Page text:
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Three Guys Named Willie, Merle and Ray


Willie Nelson is 74 years old. Fellow country music legend Ray Price is 81. Merle Haggard is a mere 70. The three of them have gotten together and collaborated on a new double-CD called the "Last of the Breed."

And our music critic, Robert Christgau, thinks it's pretty fresh.

(Soundbite of music)

ROBERT CHRISTGAU: Even with Johnny Cash in the grave, Willie Nelson, Merle Haggard and Ray Price aren't the last of their breed. There are plenty of old coots targeting the downloading impaired with new country albums. But none of these albums approached the savvy or spirit of this session.

(Soundbite of song, "My Mary")

Mr. MERLE HAGGARD (Country Musician): (Singing) Scrolling down on memory lane.

CHRISTGAU: Sometimes our three legends are domesticated as on the two Bob Wills' oldies that opened the set. Here's how Merle Haggard establishes the theme on "My Mary."

(Soundbite of song, "My Mary")

Mr. HAGGARD: (Singing) I can always see my sweetheart just as she used to be. Waiting for someone at the garden gate. I know that someone is me. Big brown eyes and pearly hair and you'd tell that's Mary.

CHRISTGAU: A neglected song of romantic devotion brought back to life. Other times though, the three buddies are honky-tonk rounders. Listen to Nelson and Price on a Hank Williams song their label is named after - "Lost Highway."

(Soundbite of song, "Lost Highway")

Mr. WILLIE NELSON (Country Musician): (Singing) Just another guy on the lost highway.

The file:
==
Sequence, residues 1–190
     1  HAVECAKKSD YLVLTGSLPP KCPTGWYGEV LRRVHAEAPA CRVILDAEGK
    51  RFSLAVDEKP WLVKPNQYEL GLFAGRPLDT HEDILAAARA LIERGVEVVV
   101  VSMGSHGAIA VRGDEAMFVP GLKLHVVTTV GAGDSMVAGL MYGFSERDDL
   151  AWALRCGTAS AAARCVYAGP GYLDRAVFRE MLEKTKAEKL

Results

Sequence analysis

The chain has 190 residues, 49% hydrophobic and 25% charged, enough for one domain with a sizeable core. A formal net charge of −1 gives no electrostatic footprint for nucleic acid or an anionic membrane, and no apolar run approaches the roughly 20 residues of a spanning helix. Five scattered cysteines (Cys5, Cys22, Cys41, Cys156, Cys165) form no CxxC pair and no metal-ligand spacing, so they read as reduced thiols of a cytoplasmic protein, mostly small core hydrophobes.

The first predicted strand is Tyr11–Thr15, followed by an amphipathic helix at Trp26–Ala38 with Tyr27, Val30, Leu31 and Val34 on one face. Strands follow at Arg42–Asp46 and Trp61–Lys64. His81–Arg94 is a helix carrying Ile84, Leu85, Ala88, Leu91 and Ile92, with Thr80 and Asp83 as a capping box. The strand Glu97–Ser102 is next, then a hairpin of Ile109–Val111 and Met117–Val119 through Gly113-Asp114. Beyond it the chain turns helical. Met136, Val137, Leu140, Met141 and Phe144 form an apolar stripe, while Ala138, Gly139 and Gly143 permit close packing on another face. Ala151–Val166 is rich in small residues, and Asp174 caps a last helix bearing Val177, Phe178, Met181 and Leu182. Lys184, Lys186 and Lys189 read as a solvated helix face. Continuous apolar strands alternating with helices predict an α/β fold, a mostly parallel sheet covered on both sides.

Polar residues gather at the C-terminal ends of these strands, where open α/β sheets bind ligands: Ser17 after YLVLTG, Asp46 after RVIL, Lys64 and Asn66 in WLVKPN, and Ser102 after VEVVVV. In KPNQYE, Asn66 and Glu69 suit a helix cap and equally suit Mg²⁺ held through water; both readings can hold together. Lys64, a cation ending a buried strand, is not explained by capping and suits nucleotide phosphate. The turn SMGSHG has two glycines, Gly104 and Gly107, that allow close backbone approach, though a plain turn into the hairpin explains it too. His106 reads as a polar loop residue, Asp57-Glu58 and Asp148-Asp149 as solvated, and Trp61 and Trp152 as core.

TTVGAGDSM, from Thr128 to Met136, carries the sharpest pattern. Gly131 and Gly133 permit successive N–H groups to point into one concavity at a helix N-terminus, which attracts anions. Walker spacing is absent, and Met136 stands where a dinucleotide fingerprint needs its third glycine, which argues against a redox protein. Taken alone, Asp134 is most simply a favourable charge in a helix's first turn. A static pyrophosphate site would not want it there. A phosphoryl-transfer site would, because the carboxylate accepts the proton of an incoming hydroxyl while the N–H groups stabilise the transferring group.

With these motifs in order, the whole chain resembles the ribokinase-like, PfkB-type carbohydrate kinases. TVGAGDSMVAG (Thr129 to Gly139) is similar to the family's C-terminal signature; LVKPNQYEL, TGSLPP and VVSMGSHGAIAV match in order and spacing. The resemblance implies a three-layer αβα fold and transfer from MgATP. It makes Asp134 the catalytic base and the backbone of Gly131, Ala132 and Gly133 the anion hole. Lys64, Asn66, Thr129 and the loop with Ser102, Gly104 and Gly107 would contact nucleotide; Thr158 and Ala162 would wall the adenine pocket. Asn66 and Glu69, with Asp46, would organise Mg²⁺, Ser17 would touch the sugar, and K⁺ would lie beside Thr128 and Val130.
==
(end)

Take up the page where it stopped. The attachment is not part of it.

Mr. RAY PRICE (Country Musician): (Singing) Just a deck of cards and a jug of wine. And a woman's lies makes a life like mine. O the day we met, I went astray. I started rolling down…

Unidentified Group #1: (Singing) Rolling down…

Mr. PRICE and Unidentified Group #1: (Singing) …that lost highway.

CHRISTGAU: The album's savvy is a given. Willie and Merle are still sound physically but they proved long ago they could phrase with a subtly seldom approached this side of Al Green. Ray Price hasn't had his big booming chops for decades, even though he still tours with a string section. He's less prominent here.

(Soundbite of song, "Why Me")

Mr. PRICE: (Singing) What have I ever done…

CHRISTGAU: And when he does sing, he picks up on the younger guys casual example. But the secret of the session's spirit is more elusive. It's not just old timers having a good time as they trade leads and harmonize. They sound serious as well. They sound committed.

(Soundbite of song, "Why Me")

Mr. PRICE: (Singing) Tell me Lord what did I ever do that was worth loving you or the kindness you've shown.

Mr. PRICE and Unidentified Group #2: (Singing) Lord help me Jesus I've wasted…

CHRISTGAU: The two religious songs here define a tone of solemnity without sanctimony. The seniors come across us as believers who can feel the end approaching. But the pair of songs in which these three old guys praised parents we assumed have been gone a long time are just as rich and uncompromised. I love how plainly Willie Nelson delivers the key verse of Lefty Frizzel's "Mom and Dad's Waltz" - I'd fight in wars. Do all the chores for my mama and daddy. I want them to live on till they're called.

(Soundbite of music)

CHRISTGAU: And even that one is topped by a Gene Autry song that sums up the tenderness and the frailties that suffices this record.

(Soundbite of music)

NORRIS: The album from Willie Nelson, Ray Price and Merle Haggard is called "Last of the Breed." Our reviewer Robert Christgau is a contributing editor to Rolling Stone magazine.

(Soundbite of song, "That Silver Haired Daddy of Time")

Mr. NELSON: (Singing) Fighting the battle of time. Is a dear one who's weathered my sorrows, tis that silver-haired daddy of mine.


You're listening to ALL THINGS CONSIDERED from NPR News. Transcript provided by NPR, Copyright NPR.

Robert Christgau
Robert Christgau contributes regular music reviews to All Things Considered.